GSTLI Project Proposal

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  • At the intersection of subject, teacher, and student is a space that Buber (1958) referenced as the “between” (Buber, 1958). Hart writes, “Although a student can open a book or click on a CD ROM and access information, it is in a community that those ideas have a chance of being challenged, tested, played out, and discussed; these are precisely the activities that help grow knowledge and self.” Community serves as the learning process and as its own lesson by reminding us that the “world exists in relationships and that knowing is always about a relationship” (Hart 2007). When a basic sense of belonging that a community creates does not exist, one feels alienation and anxiety (Horney, 1950). Hart (2007) notes that this may leave students and teachers spending excessive energy on self-protection, and closing down rather than opening up. It is essential to create a safe environment so that students can learn. In the bilingual education classroom, this is especially important since in order to receive and produce language, learners need to feel that they are able to make mistakes and take risks. Regarding Krashen’s (1981) Hypothesis of the Affective Filter, one obstacle that manifests itself during language acquisition is the 'screen' that is influenced by emotional variables (including motivation, stress, self-confidence, and anxiety) that can prevent student-learning. “ In community we take risks and get feedback, get provoked, test out ideas, and develop intimacy. If we feel a sense of belonging, we lower our defenses, we allow ourselves to be seen; we allow our interiority to rise to the surface and meet the world” (Hart 2007). There are several studies which show that the classroom climate has implications for student-learning. Classroom climate affects student-learning. While a negative climate can impede, a positive one can energize student- learning. (Ambrose et al. 2010). As the university begins to offer more courses online and through hybrid models, we must learn what the best learning environment is for our students. A strong sense of community is essential for student-learning. McMillan and Chavis (1986) define a sense of community as “a feeling that members have of belonging, a feeling that members matter to one another and to the group, and a shared faith that members’ needs will be met through their commitment to be together” (p. 9). Sergiovanni (1994) stresses the need for authentic community in schools, linking learners and educators through shared values and goals. Olson (2007) reports on Ruddell’s study’s conclusions that from elementary school to higher education, “the most effective teachers guided their students through an intellectual discovery process and encouraged them to negotiate meaning as members of an interpretive classroom community”. To create this type of community, educators must stimulate students to have an affective investment in their learning. The most authentic and engaged reading and composing takes place when students feel they belong in a space. Tuan (1977) describes space as action and movement and place as stopping and becoming involved. bell hooks (sic) in her book Belonging questions: What does it mean to call a place home? How do we create community? When can we say we truly belong? hooks writes, "A true home is the place- any place-- where growth is nurtured, where there is constancy". McInerney, Smyth & Down (2011) write “‘place’ is a lens through which young people begin to make sense of themselves and their surroundings. It is where they form relationships and social networks, develop a sense of community and learn to live with others.” Patti Own-Self (2007) writes, “I want my students to claim their place at the table through their intellectual and emotional voices”.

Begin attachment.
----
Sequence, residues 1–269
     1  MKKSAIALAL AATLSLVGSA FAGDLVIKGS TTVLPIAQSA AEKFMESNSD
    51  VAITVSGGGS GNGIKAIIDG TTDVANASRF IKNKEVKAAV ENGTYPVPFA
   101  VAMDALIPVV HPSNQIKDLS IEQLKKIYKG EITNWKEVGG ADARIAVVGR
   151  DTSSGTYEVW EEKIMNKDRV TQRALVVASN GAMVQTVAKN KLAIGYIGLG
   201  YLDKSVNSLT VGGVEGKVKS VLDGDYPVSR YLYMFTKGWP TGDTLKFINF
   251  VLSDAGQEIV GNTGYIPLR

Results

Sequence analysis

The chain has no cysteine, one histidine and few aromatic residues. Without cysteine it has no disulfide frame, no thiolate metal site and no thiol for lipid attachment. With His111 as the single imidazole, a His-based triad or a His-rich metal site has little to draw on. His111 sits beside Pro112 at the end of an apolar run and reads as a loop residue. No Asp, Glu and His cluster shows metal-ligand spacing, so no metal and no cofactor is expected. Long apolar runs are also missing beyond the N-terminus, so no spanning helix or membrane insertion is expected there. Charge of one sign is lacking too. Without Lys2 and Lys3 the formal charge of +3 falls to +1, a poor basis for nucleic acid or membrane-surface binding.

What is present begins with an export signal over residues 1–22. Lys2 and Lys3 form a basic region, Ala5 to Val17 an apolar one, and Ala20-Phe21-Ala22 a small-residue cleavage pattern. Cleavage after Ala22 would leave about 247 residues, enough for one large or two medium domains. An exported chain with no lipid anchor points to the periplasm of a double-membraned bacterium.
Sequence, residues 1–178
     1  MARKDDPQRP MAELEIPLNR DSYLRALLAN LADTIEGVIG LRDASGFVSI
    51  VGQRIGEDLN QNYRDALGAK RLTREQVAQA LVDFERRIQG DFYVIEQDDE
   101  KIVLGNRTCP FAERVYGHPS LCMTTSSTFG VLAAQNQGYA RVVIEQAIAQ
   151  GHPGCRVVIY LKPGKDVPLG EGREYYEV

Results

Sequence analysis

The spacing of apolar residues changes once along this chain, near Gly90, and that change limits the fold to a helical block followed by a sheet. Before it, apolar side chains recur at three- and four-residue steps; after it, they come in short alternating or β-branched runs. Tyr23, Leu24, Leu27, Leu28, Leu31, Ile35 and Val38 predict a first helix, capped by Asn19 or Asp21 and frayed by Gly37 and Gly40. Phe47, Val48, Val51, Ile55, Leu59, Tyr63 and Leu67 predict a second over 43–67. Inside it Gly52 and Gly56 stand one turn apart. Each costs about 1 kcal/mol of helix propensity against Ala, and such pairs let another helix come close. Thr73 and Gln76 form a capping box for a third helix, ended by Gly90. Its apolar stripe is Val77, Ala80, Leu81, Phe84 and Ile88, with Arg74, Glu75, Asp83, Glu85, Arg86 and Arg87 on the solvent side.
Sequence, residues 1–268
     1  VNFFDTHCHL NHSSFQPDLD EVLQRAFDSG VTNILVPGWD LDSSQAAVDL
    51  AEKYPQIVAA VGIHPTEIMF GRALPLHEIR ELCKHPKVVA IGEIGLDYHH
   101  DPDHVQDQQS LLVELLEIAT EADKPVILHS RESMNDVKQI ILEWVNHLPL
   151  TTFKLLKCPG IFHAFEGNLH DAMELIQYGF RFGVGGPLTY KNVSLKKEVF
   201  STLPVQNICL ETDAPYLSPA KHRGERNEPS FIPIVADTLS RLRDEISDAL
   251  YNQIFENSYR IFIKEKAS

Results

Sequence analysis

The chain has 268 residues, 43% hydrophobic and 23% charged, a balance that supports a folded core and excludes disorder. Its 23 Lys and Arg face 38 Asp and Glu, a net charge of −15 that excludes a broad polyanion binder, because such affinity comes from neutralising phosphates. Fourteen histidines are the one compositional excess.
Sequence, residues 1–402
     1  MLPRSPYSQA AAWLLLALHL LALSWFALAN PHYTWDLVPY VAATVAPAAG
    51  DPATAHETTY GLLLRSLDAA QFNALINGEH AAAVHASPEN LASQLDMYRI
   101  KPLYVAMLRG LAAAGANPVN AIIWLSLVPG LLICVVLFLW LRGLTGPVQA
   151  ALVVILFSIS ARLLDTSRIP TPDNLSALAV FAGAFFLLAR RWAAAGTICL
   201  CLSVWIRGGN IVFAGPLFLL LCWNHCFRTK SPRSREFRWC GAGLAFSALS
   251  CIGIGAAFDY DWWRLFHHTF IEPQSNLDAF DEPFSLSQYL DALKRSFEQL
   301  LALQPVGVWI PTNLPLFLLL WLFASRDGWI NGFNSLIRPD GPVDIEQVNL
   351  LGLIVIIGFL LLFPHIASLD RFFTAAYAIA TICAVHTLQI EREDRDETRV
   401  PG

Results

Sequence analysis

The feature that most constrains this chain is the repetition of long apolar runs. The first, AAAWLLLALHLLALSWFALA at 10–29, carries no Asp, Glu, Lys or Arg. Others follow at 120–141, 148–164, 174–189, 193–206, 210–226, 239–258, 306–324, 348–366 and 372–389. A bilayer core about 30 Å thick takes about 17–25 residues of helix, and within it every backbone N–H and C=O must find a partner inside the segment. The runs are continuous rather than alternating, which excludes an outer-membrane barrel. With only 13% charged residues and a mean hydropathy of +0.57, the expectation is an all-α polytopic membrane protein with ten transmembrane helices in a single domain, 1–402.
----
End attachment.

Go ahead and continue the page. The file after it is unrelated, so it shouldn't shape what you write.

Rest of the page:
• When students blog, they collect, publish and then edit their work after receiving feedback and having time for reflection. Blogs allow students to easily navigate through their work since blog posts are organized in a reverse chronological order. This allows students to read their initial posts and reflect upon their writing and critical thinking progress over the course of a semester or even their academic careers. Again although the blog project spanned only a five-week period, my students noted improvements in both the quantity and the quality of their work.   Similar to Vygotsky’s (1978) belief that meaning is facilitated by social interaction, Wickerson and Chambers (2006) conclude that learning occurs when students engage in a hands-on, experimental environment that encourages interaction with peers and communication with instructors. Ellison & Wu (2008) also conclude that blogging has potential for student interaction with peers and for understanding the multiple perspectives of a global audience. While blogs are typically created and published by a single writer, or blogger, they include a great amount of interaction between the writer and readers through the “comments” function. This type of interaction benefits student bloggers because it allows for almost instantaneous feedback and evaluation of their work. In traditional writing assignments, the instructor is the only one who offers feedback to an assignment. Through blogs, students may find a peer’s post particularly interesting and then may return to their original posts to update their own writing. This occurred with the posts of my students.   Other researchers have noted the benefits of blogs being interactive. Ferdig & Trammell (2004) explain that students who blog become active participants in a community of practice and are exposed to diverse perspectives. Buffington (2007) notes that blogs supported social interaction when she engaged in blogging with her students. She explains that this interaction outside of the classroom helped maintain the students’ momentum in their course work, and the accessibility of blogs enabled her students to interact even when they lived a significant distance from campus. Since blogs include both written and graphic components where text along with visuals come together to form meaning, blogging may hold an added benefit for deaf students. Kluth (2008) reports that research on visual supports, including graphic organizers, handouts, manipulatives, and other visual representations of information are imperative for deaf and hard of hearing students when they are learning to read and understand content information. Many deaf and hard of hearing students are considered visual learners and are “best able to understand and remember content when they can see it graphically represented” (Kluth, 170).